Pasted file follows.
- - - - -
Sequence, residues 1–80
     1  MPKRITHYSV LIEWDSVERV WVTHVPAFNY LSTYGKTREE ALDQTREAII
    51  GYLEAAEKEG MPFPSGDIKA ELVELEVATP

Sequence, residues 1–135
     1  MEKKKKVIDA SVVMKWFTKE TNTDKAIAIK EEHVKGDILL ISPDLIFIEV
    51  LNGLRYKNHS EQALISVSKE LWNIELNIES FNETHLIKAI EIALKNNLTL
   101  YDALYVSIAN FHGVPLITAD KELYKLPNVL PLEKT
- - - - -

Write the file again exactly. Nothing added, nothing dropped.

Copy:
Sequence, residues 1–80
     1  MPKRITHYSV LIEWDSVERV WVTHVPAFNY LSTYGKTREE ALDQTREAII
    51  GYLEAAEKEG MPFPSGDIKA ELVELEVATP

Sequence, residues 1–135
     1  MEKKKKVIDA SVVMKWFTKE TNTDKAIAIK EEHVKGDILL ISPDLIFIEV
    51  LNGLRYKNHS EQALISVSKE LWNIELNIES FNETHLIKAI EIALKNNLTL
   101  YDALYVSIAN FHGVPLITAD KELYKLPNVL PLEKT